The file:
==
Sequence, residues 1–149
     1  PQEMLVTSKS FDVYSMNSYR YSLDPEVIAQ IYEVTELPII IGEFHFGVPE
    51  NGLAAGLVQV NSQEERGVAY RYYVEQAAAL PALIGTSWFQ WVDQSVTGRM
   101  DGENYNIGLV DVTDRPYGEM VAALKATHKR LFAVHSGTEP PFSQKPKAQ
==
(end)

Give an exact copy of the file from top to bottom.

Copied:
Sequence, residues 1–149
     1  PQEMLVTSKS FDVYSMNSYR YSLDPEVIAQ IYEVTELPII IGEFHFGVPE
    51  NGLAAGLVQV NSQEERGVAY RYYVEQAAAL PALIGTSWFQ WVDQSVTGRM
   101  DGENYNIGLV DVTDRPYGEM VAALKATHKR LFAVHSGTEP PFSQKPKAQ